Repeal sought of Santa Monica beekeeping ban
Between blood-sucking mites and the mysterious phenomenon known as “colony collapse disorder,” honeybees in California have been dropping like, well, flies.
That’s why Daniel Salisbury, 47, says the city of Santa Monica should halt its policy of exterminating feral bees and instead legalize beekeeping and create a bee yard that would operate as a temporary holding pen for colonies awaiting relocation to agricultural zones.
At the Santa Monica City Council meeting on Tuesday, Councilman Kevin McKeown hopes to win support for a study of whether to amend or repeal the old ordinance that prohibits beekeeping.
Nationwide, millions of hives that were home to billions of bees have died over the last four years, and this year nature’s industrious pollinators have fared even worse after a bad winter, according to an informal survey of commercial bee brokers cited by the U.S. Department of Agriculture. Many brokers reported trouble finding enough hives to pollinate California’s blossoming nut trees, which grow the bulk of the world’s almonds.
Researchers haven’t yet figured out what causes colonies to weaken and die off, although many suspect environmental factors. At a recent scientific conference in San Francisco, researchers reported finding traces of 121 different pesticides in beehives.
“Unless measures are taken to protect honeybees, many fruits and vegetables may disappear from the food chain,” Salisbury said in the preamble to an online petition to support repeal of the current ordinance prohibiting beekeeping.
Salisbury said that over the years, he has successfully relocated roughly 50 hives to San Luis Obispo. He kept hives for about a decade at his residence in a Santa Monica trailer park, until he got caught. “I didn’t get cited,” he said. “I just had to move the hives.”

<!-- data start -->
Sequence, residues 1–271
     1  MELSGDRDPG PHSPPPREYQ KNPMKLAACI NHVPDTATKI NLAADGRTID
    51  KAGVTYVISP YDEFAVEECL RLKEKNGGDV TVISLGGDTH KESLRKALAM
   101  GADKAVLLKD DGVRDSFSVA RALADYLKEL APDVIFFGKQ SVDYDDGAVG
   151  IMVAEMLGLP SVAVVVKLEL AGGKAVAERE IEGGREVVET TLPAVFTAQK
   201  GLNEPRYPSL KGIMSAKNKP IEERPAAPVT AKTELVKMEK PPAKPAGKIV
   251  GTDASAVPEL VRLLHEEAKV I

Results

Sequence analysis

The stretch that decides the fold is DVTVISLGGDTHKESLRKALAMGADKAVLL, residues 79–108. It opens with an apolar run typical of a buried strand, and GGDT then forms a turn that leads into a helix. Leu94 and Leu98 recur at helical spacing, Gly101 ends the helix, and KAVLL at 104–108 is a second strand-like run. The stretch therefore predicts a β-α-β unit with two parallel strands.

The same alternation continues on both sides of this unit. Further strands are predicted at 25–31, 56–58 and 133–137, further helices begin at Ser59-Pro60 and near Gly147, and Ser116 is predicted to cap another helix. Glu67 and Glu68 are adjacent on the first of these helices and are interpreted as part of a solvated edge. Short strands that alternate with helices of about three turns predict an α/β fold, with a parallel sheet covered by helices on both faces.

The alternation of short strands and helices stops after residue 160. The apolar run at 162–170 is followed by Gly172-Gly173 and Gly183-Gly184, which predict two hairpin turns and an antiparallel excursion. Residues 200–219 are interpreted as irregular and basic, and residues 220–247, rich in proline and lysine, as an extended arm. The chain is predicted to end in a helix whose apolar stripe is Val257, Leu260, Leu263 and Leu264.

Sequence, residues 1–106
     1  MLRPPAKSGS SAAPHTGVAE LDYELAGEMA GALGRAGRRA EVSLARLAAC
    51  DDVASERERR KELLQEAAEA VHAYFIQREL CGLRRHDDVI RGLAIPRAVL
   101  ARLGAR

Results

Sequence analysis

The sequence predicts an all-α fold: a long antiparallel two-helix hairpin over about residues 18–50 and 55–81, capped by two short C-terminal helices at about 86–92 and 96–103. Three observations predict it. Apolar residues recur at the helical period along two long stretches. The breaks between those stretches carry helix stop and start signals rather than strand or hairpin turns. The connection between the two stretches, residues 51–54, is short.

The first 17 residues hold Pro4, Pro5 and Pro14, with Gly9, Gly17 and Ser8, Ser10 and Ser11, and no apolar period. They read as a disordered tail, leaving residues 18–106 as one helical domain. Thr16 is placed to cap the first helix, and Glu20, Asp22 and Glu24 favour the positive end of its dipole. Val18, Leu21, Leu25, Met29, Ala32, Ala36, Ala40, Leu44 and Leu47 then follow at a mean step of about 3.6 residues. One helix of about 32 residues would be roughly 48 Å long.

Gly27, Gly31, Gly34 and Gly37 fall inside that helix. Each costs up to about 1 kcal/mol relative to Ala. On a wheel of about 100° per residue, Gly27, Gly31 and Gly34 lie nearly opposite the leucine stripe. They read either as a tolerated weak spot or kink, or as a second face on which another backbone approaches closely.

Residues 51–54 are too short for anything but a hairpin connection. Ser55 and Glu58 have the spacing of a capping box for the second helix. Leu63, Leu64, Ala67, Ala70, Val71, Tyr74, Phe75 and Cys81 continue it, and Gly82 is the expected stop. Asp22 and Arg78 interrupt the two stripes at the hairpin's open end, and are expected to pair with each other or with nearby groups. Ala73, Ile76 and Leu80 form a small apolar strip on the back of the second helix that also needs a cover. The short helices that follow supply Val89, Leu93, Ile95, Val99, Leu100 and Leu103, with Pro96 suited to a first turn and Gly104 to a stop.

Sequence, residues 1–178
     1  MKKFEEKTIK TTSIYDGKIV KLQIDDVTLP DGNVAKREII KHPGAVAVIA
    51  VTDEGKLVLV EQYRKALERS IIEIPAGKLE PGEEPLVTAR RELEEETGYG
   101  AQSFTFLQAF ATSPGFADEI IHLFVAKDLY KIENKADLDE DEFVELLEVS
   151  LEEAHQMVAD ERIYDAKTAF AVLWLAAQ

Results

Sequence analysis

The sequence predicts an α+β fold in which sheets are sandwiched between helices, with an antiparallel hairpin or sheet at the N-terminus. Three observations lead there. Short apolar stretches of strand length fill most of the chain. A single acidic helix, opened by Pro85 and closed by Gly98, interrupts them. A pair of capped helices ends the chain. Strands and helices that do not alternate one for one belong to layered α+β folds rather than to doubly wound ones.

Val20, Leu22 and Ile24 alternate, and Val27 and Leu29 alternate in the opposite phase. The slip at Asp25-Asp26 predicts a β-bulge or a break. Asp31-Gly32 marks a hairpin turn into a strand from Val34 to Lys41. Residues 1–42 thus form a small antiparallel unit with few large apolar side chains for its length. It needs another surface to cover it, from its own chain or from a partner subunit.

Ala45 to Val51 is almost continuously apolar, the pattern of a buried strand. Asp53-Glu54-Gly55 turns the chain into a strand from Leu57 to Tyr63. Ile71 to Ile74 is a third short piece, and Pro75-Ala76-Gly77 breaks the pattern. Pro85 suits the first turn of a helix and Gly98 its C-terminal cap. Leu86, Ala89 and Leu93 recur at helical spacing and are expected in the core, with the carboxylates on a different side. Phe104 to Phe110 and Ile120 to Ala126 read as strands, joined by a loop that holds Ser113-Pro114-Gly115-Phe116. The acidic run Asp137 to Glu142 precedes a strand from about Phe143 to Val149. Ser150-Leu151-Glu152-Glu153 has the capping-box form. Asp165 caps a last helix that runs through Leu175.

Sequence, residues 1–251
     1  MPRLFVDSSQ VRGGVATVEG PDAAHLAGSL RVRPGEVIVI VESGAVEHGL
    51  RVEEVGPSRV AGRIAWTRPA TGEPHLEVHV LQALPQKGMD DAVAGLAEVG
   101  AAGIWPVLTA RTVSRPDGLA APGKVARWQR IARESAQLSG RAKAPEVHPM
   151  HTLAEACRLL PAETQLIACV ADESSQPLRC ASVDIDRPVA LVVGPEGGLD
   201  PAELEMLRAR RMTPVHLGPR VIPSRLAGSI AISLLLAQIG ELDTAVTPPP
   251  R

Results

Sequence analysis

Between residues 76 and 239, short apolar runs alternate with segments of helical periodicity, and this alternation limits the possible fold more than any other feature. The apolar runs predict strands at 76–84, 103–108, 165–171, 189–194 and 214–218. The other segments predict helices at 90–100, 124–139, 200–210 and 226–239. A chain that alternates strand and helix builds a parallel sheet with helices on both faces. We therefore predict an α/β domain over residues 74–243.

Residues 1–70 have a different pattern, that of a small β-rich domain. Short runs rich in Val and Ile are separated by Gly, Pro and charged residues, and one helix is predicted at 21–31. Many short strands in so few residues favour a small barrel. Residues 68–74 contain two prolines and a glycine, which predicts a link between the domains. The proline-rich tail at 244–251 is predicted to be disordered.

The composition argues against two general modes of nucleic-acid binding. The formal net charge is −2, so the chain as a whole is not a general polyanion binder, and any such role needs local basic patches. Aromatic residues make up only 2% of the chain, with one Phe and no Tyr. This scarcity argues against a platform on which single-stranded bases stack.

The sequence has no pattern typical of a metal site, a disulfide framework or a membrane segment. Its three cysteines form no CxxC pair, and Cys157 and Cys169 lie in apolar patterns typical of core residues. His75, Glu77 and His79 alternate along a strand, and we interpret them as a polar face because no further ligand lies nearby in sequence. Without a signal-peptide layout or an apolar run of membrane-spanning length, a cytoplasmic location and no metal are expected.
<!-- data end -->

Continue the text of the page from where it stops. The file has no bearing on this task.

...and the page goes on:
When he found out that city policy called for exterminating swarms of feral bees, he decided to fight for the little buzzers.
“Why would you exterminate these bees when farmers in rural areas are begging for beehives?” he wondered.
According to the nonprofit Honeybee Conservancy, First Lady Michelle Obama helped propel the beekeeping movement last year when she started an organic garden at the White House, complete with two hives. Since then, amateur beekeepers have been lobbying to overturn city ordinances outlawing the activity. Beekeeping is legal in Atlanta, Chicago, Denver and San Francisco, among other cities. And New York City health department officials recently legalized the keeping of the common, nonaggressive honeybee after proponents argued that hives promoted sustainable agriculture in the city.
McKeown said he recognizes that not everyone will warm to swarms of buzzing bees on apartment decks or in backyards.
“While bees mean flowers and honey to some people, they mean stings to others,” he said. “We could end up, for instance, saying we don’t want to allow beekeeping but could allow the capture and locating temporarily at the airport.”